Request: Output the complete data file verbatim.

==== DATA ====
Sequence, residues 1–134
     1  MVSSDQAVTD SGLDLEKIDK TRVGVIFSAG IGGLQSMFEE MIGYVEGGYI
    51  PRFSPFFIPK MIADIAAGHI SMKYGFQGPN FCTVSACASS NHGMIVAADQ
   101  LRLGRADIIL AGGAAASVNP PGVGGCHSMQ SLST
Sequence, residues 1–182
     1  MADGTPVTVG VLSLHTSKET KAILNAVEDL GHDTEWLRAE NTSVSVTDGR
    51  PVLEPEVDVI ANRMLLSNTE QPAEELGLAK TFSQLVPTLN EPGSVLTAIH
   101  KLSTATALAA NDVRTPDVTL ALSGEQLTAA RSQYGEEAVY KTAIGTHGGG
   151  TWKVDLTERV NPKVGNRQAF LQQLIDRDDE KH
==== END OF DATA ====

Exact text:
Sequence, residues 1–134
     1  MVSSDQAVTD SGLDLEKIDK TRVGVIFSAG IGGLQSMFEE MIGYVEGGYI
    51  PRFSPFFIPK MIADIAAGHI SMKYGFQGPN FCTVSACASS NHGMIVAADQ
   101  LRLGRADIIL AGGAAASVNP PGVGGCHSMQ SLST
Sequence, residues 1–182
     1  MADGTPVTVG VLSLHTSKET KAILNAVEDL GHDTEWLRAE NTSVSVTDGR
    51  PVLEPEVDVI ANRMLLSNTE QPAEELGLAK TFSQLVPTLN EPGSVLTAIH
   101  KLSTATALAA NDVRTPDVTL ALSGEQLTAA RSQYGEEAVY KTAIGTHGGG
   151  TWKVDLTERV NPKVGNRQAF LQQLIDRDDE KH